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Last Updated September 5, 2023.

In this poem, the narrator visits a place called Locksley Hall, where he spent some years in his youth and where he fell in love with his cousin, Amy. Although she loved him too, she eventually abandoned him—at her parents's behest—to marry a man who had more money but is, in the narrator's words, "a clown" who loves her only a bit more than he loves his horse or his dog. He questions whether he ought to wish for her happiness, knowing that she married someone with lesser feelings and a "narrower heart" than he simply because the other man was richer. He believes that Amy has become a clown because she married a clown, and the "grossness of his nature" weighs her down and affects her as well. The narrator curses the "social wants that sin against the strength of youth!" He feels that greed and materialism are held in higher esteem that true love, like the love he felt for Amy in his youth. Wealth is prized more than happiness; because he had no wealth, Amy's parents would not allow her to marry him, though he loved her so much and would have made her happy (he believes).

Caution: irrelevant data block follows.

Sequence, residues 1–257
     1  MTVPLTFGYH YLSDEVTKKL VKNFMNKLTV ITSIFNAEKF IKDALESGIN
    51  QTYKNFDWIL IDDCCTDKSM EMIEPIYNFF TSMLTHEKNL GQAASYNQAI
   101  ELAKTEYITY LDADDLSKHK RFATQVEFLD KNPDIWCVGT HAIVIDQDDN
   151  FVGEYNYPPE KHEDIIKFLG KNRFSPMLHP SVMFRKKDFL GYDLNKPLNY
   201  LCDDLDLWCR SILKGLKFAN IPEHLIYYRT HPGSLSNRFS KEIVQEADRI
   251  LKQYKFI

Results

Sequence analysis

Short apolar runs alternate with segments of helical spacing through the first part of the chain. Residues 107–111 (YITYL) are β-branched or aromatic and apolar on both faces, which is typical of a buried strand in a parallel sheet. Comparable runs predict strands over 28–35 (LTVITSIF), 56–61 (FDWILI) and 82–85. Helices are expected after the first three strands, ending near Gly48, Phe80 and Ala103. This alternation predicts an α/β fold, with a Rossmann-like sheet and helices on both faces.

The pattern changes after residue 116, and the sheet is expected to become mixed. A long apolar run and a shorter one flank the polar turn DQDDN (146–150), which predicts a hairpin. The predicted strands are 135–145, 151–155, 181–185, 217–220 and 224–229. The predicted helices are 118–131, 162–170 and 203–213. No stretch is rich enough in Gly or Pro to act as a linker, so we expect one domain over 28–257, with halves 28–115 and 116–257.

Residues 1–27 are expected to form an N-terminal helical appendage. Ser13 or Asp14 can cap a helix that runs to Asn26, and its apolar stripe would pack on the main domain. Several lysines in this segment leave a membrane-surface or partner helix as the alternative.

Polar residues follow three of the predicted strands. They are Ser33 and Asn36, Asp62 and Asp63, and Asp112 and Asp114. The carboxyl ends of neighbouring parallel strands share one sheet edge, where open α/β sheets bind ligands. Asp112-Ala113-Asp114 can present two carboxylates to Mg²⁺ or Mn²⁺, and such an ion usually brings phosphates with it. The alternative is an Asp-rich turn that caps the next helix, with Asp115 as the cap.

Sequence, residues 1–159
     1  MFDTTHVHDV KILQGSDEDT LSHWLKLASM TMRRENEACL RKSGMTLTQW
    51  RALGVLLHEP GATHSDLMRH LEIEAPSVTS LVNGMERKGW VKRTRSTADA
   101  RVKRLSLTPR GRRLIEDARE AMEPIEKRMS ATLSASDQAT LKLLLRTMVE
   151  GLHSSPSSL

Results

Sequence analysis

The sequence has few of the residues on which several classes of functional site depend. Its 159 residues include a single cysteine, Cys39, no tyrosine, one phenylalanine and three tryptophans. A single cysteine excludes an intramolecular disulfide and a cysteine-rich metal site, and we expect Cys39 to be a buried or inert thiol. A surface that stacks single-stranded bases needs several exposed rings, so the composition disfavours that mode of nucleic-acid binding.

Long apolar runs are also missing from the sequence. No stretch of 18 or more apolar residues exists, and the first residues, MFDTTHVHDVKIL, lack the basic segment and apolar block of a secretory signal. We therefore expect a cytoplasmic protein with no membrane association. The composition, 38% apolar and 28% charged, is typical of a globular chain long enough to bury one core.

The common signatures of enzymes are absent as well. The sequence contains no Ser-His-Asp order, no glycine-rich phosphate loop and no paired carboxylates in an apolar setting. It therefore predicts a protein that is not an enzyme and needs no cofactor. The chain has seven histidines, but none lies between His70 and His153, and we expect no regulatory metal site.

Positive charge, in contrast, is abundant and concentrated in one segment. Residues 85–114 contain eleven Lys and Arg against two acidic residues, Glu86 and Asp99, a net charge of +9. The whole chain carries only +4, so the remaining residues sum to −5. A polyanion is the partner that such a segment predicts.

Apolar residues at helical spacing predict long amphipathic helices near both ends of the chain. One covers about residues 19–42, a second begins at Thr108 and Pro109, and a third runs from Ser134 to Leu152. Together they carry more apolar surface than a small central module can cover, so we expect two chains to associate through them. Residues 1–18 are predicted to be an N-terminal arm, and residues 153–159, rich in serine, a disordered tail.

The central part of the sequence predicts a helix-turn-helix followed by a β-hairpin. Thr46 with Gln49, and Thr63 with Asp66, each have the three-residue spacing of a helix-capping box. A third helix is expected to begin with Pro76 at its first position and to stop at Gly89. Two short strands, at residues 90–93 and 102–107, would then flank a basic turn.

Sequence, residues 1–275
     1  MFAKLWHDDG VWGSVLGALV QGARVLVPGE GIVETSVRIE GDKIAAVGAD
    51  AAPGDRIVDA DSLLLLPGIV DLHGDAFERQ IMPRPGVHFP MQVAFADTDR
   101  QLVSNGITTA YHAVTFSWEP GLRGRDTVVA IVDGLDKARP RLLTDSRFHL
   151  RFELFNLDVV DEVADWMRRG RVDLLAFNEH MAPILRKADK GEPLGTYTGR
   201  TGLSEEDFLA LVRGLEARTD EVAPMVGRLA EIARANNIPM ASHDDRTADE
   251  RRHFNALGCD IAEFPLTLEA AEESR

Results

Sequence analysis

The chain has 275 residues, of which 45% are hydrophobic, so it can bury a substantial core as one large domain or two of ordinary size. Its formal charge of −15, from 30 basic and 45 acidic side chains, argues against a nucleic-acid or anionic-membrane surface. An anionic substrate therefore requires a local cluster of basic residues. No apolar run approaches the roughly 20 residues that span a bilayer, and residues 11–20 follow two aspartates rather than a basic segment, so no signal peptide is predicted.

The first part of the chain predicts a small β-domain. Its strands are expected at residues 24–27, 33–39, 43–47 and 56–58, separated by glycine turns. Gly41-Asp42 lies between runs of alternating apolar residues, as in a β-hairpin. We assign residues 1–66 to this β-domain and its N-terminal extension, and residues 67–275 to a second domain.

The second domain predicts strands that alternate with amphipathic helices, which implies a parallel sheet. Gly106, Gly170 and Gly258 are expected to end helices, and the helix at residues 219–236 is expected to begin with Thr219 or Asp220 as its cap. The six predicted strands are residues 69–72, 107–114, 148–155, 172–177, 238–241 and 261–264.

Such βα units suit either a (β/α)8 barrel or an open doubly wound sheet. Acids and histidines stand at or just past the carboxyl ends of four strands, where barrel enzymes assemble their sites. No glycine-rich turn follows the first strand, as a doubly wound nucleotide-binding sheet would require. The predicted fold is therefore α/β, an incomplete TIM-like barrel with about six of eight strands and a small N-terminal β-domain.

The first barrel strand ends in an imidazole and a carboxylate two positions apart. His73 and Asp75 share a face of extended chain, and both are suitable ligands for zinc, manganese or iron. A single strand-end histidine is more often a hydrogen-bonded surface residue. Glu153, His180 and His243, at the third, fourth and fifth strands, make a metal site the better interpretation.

The narrator goes on to lament and critique the state of the world. It isn't only his marriage to Amy that was prevented by her parents greed; in fact, the world only offers good opportunities to those with riches. He says, "Every door is barr'd with gold, and opens but to golden keys." People with money seem to stand in his way, and only people with money have the resources needed to succeed. He laments the greed and materialism that seem to form the backbone of society at large; Amy's parents's decision now seems merely a symptom of the catastrophic greed that runs throughout all of society. He imagines that this materialism and greed will inevitably corrupt the world, causing a world war between the nations. Only after this breakdown will cooler, wiser heads prevail in the creation of a "Parliament of man," a "Federation of the world." Common sense, then, will rule, and peace will reign. In the meantime, however, the world's focus on acquisition and commerce will continue to make people unhappy.

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